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Good LEDs (with on/off toggle)
Cons: Flexible plastic ring, in place aluminum.
Other Thoughts: I bought this for my other rig which has a Biostar A85W motherboard. There are three fan headers: one 4-pin CPU fan header, and two 3-pin system fan headers. The 3-pin fan headers on the motherboard do not allow for voltage control, so I purchased one of these to give a shot.
Overall, I am pleased. At full tilt, it is not completely inaudible, but you mostly just hear a slight whoosh of air. No annoying motor or bearing sounds. (I had to use a hot glass of water to heat the thermal probe up to make it run at full tilt.) It usually operates between 700-1300 RPM, depending on if my system is at idle or load. Anything below 1200 RPM you have to really strain to hear. Just having one of these fans decreases the internal case temperature by roughly 10C.
The thermal probe has a decently long wire that should be sufficient for most builds. I could see some people who have full ATX cases having an issue, but then it would be just too cumbersome for the rest. On that note, I think the temperature threshold for maximum speed is around 38C. Holding the sensor between my fingers was almost enough for it to reach maximum speed.
My only gripe is that they replaced the usual aluminum ring of the fan with a flexible plastic material. There is nothing actually wrong with it, it just strikes me as a cheaper money-saving effort, since these fans don't have the biggest market... and their market is more towards budget-orientated builds.
That said, these fans do fill a certain niche. They'd be great for those who want more case fans, and since they don't have the extra fan headers to support them have to hook them up directly to the PSU. (Why spend 25-40$ on a hardware fan controller, when for just over $25 you can have two of these?) If you also have a motherboard that lacks PWM and voltage control for fans, these are for you as well.
This review is from: ENERMAX T.B. Silence UCTB12P 120mm PWM Function Case Fan
Pros: Very Affordable
Cons: Kind of an energy hog. (Almost five watts.)
Other Thoughts: This is a well-rounded fan that can be used either as your standard intake/exhaust, or on a heatsink/radiator and will give good performance in either case.
On a heatsink, the fan may fall short of premium performance, but to surpass it you will be easily spending $5-10 for marginal gains; a couple degrees at most. That is only discussing absolute thermal performance, and not taking into account how loud the fans might be. On a heatsink, the fan does a good job of remaining unobtrusive, making mostly a type of "whoosh" of the sound of moving air. That sounds kind of silly, but it's better than a high-pitched whine or insistent clicking/ticking that some other fan motors make when at full tilt.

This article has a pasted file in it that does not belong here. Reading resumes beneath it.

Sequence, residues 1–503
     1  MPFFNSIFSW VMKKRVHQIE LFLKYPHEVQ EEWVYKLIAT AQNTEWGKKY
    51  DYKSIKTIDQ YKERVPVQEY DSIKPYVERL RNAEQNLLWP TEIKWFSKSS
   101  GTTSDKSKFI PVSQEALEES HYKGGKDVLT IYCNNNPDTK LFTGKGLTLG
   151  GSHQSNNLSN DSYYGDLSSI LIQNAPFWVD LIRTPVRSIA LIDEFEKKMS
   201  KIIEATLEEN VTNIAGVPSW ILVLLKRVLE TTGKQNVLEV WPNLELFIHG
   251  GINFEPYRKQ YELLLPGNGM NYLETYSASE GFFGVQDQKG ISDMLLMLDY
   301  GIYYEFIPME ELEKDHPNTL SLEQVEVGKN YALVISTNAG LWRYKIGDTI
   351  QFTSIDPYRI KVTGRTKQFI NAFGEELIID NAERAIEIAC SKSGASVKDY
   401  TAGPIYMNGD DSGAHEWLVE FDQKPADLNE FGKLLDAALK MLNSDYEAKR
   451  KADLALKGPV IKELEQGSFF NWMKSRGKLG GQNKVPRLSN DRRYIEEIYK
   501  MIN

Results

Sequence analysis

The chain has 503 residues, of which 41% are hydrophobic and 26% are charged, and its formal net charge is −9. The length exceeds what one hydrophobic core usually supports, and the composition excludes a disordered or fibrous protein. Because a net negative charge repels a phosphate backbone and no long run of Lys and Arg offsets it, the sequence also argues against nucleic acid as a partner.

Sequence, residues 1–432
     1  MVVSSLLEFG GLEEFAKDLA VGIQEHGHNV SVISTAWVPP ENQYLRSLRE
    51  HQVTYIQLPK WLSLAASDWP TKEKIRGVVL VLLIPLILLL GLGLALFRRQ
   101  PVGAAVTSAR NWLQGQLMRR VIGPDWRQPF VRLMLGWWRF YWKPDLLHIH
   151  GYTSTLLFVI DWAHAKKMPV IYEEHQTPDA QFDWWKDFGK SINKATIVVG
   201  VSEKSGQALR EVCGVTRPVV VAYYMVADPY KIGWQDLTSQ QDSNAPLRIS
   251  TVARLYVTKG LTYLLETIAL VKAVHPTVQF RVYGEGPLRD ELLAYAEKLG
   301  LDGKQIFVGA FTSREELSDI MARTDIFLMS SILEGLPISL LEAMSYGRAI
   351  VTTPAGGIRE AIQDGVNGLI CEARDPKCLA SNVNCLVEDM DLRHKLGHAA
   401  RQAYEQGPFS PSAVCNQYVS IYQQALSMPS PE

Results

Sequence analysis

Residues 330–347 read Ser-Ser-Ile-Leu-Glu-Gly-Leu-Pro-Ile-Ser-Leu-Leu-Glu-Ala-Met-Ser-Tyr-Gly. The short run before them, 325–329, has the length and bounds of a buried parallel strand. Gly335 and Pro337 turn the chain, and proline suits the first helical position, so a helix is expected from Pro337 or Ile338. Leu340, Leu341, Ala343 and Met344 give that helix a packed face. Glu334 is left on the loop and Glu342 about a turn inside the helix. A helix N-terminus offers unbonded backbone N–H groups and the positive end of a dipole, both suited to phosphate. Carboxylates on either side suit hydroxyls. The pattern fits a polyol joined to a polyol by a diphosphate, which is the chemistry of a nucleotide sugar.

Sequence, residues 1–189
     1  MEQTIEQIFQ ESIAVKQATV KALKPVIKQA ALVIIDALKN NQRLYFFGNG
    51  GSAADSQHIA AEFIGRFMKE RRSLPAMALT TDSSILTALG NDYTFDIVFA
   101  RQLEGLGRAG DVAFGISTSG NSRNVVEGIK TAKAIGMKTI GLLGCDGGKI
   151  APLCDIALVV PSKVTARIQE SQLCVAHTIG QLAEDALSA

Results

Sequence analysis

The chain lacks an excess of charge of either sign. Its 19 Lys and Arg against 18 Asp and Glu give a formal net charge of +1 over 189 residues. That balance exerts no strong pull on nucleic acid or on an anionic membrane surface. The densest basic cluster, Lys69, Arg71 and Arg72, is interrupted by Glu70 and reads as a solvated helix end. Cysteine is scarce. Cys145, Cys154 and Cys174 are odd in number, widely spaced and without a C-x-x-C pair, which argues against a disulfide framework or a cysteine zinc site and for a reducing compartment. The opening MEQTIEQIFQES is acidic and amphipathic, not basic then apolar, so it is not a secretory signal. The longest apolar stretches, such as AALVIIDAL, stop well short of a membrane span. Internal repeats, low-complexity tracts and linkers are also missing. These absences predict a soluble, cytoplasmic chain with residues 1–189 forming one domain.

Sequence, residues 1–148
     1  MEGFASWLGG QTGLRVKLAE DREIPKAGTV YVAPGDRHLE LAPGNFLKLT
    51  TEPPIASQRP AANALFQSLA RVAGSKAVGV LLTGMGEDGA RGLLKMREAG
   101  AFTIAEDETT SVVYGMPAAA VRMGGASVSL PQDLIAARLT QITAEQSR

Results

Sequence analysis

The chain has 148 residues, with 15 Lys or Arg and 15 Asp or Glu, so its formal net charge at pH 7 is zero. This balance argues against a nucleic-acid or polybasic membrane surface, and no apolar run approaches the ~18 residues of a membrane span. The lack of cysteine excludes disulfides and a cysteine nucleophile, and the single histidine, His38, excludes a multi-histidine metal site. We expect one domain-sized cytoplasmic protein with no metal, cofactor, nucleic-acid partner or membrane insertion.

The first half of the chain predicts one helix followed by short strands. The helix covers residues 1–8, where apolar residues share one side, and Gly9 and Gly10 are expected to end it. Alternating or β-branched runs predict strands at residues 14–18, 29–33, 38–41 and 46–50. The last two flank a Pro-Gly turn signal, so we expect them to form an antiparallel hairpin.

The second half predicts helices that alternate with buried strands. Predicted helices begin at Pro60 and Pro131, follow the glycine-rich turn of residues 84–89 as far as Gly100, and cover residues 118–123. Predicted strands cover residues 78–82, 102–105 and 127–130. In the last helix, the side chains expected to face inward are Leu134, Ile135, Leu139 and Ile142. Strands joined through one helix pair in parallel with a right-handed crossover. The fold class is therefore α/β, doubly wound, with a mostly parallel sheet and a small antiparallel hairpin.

As a case fan, you'll seriously be hard-pressed to find appreciably better, both in acoustics and performance. Off of a radiator, the acoustics are pretty top-notch; only above 1200 RPM is the fan really noticeable. If you want, though, you can dial the fan all the way down to 500 RPM, however.
The fan bearing allows you to mount the fan horizontally, unlike a sleeve bearing, which are still around for some odd reason.
These are the first types of fans I recommend to anyone who I come across looking for replacements, or new fans to try. They are really hard to beat for their price point, and, unless you're an enthusiast needing to eke everything out of your rig, the extra money you'll spend on another product won't be worth it.
Pros: Robustly built
Interchangeable color ring to better match a scheme
Perfect for any heatsink or radiator
Cons: Deceptively loud and noise inefficient
Somewhat short cable
Other Thoughts: I bought a case from Corsair, and it had a $20 mail-in rebate. I was so happy with it, that I decided to use it to buy one of these fans. (I love tinkering.)
If you look into reviews, you will read and hear about how loud these fans are, even though they perform great. Their acoustics are actually not that bad at all. The noise they make is fairly pleasant and noninvasive, even though it is definitely there. It is a mixture of the motor, which sounds smooth, no clicking or harsh whir, and the slight woosh it makes from the movement of air. It is an easy sound to ignore. Other fans can have motors that produce an annoying whine at full tilt, or have an enormous woosh from the air turbulence, both which are maddeningly annoying.
On the downside, it still is loud. Even at 1800 RPM, I can managed to discern this fan from the five others in my case that I can have running at full tilt. (Yes, they may be quiet fans, but there are five of them, all running at full speed.) At this the same 1800 RPM, the fan does operate quite as well as some other fan brands that have a max operating speed of 1500 RPM. So even to get a par performance that fan will be operating more towards the louder end of the spectrum.
Long story short, if being quiet is your concern, you still better look elsewhere. I just wanted to say that it is not the jet-engine that everyone seems to make it out to be. However, for performance, it is in a price-point that is hard to ignore, and at has been shown to give top-tier performance.